1963 – The Detours play the Oldfield Hotel in Greenford
1965 – The Who play The Twisted Wheel in Manchester
1966 – The Who are in CBS Recording Studios recording and mixing “Don’t Look Away” and “Wiskey Man”. At the end of the session Pete asks John what his other song will be for the album and John, having not given it any previous thought, remembers a discussion of funny animal names he had with Bill Wyman of The Rolling Stones in a nightclub the evening before. He says it will be a song about a spider named Boris. John rushes home and quickly composes the song.
1966 – e goes to BBC’s Bush House studio to record an interview for the radio show “Dateline London”, which as included on the BBC Transcription Disc for overseas broadcast
1972 – er’s first daughter Rosie Lea is born at Pembury Hospital in Kent
1973 – The Who record the visual part of their appearance for the following evening’s broadcast of Top of The Pops 500th Edition. The audience is made up of celebrities and industry people. Angered at the bureaucracy imposed on their performance, Pete smashes his guitar and gives the BBC industry people in the audience the finger while Keith throws wigs from the prop department. A lifetime BBC ban on The Who is imposed until a letter of apology is sent and accepted. An edited version of the taping airs the following night.
1975 – The Who play New Bingley Hall at the Staffordshire County Showground in Stafford, Staffordshire. For the first time in concert, Keith’s drums are placed on a riser but it causes him problems hearing the playback. The set consists of greatest hits plus a medley of Tommy songs revived due to the popularity of the movie. In addition, “Join Together” and the new song “Squeeze Box” have their stage debuts. Quadrophenia is represented by four songs played out of order.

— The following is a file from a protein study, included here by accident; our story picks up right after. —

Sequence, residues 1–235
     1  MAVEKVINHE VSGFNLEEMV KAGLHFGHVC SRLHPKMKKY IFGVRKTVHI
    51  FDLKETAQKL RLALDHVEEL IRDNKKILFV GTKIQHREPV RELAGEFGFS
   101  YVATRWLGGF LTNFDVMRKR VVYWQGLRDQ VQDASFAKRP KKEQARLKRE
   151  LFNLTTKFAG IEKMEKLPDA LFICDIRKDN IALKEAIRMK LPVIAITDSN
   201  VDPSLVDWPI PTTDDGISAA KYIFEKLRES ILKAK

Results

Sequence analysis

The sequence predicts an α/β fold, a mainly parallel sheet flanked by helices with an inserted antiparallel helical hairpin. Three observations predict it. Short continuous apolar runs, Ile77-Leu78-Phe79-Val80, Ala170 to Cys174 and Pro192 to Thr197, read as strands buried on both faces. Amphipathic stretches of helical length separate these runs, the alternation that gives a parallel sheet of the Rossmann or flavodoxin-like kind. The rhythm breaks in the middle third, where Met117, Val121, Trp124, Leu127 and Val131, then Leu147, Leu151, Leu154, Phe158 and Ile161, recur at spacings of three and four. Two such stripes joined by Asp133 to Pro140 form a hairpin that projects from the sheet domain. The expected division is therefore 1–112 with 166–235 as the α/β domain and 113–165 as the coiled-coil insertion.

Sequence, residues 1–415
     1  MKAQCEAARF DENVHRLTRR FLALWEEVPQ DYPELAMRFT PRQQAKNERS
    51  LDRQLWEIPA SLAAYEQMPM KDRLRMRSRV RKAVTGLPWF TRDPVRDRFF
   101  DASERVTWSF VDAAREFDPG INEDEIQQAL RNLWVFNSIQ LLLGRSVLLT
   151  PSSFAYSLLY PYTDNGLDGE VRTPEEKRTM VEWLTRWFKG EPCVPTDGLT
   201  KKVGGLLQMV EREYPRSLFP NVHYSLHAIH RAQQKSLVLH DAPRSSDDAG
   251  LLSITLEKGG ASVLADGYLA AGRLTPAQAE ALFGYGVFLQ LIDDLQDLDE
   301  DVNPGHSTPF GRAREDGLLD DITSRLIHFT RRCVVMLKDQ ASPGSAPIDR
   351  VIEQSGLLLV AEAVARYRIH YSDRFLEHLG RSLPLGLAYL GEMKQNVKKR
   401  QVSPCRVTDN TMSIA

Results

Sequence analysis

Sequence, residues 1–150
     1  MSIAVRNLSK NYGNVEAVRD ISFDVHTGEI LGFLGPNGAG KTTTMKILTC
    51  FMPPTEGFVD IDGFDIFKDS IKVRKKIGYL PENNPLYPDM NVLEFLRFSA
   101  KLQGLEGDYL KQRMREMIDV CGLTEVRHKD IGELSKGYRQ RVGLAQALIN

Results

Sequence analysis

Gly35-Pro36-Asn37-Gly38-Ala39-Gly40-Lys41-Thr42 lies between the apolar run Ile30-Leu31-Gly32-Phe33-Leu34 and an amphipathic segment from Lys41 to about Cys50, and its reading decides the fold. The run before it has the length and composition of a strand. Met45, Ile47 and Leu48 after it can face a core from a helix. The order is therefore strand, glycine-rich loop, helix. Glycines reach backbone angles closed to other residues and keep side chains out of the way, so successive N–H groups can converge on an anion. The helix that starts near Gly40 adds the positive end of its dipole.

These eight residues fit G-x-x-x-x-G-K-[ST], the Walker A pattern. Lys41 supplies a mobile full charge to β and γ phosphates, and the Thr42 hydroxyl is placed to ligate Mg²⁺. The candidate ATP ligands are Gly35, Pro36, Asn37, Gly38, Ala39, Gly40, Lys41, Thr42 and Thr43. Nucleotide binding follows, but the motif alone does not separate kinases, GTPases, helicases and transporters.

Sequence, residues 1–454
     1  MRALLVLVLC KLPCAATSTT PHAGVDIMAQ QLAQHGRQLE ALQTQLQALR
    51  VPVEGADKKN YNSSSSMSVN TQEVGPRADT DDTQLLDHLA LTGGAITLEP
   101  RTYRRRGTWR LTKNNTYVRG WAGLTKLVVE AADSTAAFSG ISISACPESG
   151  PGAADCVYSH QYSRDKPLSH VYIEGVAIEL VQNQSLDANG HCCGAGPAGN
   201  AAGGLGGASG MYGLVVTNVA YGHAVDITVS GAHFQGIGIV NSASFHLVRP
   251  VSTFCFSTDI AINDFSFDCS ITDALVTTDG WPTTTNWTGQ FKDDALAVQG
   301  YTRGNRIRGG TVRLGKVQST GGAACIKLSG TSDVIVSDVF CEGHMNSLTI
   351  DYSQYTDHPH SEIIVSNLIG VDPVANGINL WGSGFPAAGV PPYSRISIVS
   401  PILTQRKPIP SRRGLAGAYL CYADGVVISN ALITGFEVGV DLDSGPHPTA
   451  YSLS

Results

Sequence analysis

Also premiering that night is The Who’s new laser light show. During “See Me Feel Me” and again during “Won’t Get Fooled Again” laser beams of various colors are shot out over the band into the audience. Cost of the lasers; £70,000. There is some concern about them causing damage to the audience. John “Wiggy” Wolff, The Who’s production manager, runs his hands right in front of the low-watt lasers for the benefit of the press to prove they are safe. Despite this the Greater London Council bans the lasers during The Who’s forthcoming Wembley Arena shows.
1975 – The Who’s first full-length studio album in two years, The Who By Numbers, is released. It gets strong marks from Roy Carr in New Musical Express who headlines his review “Once upon a time, Pete Townshend was young and full of hope. That was then.” Chris Charlesworth in Melody Maker calls the album subdued. It reaches #7 in the British charts.
In the U.S. Dave Marsh in Rolling Stone says Pete has “pulled the fastest one of all, disguising his best concept album as a mere ten-track throwaway.” Ira Robbins in Trouser Press calls it a “tremendous (albeit not their best) album.” John Rowntree in Records and Recordings feels it will one day be considered a classic like Who’s Next as does Steve Simels in Stereo Review, although he thinks “Blue Red and Grey” is the “worst thing they have ever committed to vinyl.”
1976 – Keith participates in a celebrity tennis match billed as ‘The Eagles Charity Tennis Festival’ in Los Angeles. Other noted celebrities attending are Olivia Newton-John, Mickey Dolenz, Linda Ronstadt, and Mark Volman of the Turtles. Even though arranged and named after The Eagles band, no one from group showed up.
1977 – e is interviewed on a pre-recorded segment of Capitol Radio’s Your Mother Wouldn’t Like It. He says he gets ten offers a week to produce punk-rock bands. He also declares The Who have reached the end of what they can do.
1982 – The Who play the Saint Paul Civic Center in Saint Paul, Minnesota
1989 – The Who gather for a photo-op outside the Hard Rock Cafeacute; in London. Pete smashes a guitar for the cameras.
2000 – The Who play Madison Square Gardens in New York, New York
2006 – The Who play the MTS Centre in Winnipeg, Manitoba, Canada